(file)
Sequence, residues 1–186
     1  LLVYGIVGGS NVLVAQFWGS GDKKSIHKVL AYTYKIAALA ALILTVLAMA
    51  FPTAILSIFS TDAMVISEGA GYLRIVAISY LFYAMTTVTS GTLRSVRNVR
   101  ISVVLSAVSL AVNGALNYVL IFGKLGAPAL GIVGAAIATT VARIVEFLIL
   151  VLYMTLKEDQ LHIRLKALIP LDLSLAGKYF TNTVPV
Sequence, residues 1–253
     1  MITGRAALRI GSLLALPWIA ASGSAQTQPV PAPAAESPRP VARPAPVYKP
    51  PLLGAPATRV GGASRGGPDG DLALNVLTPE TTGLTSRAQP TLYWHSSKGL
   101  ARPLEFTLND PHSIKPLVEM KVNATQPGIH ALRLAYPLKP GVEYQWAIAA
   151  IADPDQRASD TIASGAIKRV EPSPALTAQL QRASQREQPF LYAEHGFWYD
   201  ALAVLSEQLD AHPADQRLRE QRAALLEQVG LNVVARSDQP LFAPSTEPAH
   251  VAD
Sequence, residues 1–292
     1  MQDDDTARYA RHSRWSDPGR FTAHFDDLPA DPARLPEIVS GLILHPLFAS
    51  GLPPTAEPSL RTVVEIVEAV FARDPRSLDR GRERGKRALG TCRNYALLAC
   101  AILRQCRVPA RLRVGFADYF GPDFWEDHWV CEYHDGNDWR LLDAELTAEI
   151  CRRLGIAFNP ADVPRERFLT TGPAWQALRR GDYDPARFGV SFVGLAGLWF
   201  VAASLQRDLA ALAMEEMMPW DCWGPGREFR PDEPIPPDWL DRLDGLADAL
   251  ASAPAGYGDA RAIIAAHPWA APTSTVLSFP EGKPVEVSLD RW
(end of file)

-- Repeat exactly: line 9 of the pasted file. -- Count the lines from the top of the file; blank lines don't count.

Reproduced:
   101  ARPLEFTLND PHSIKPLVEM KVNATQPGIH ALRLAYPLKP GVEYQWAIAA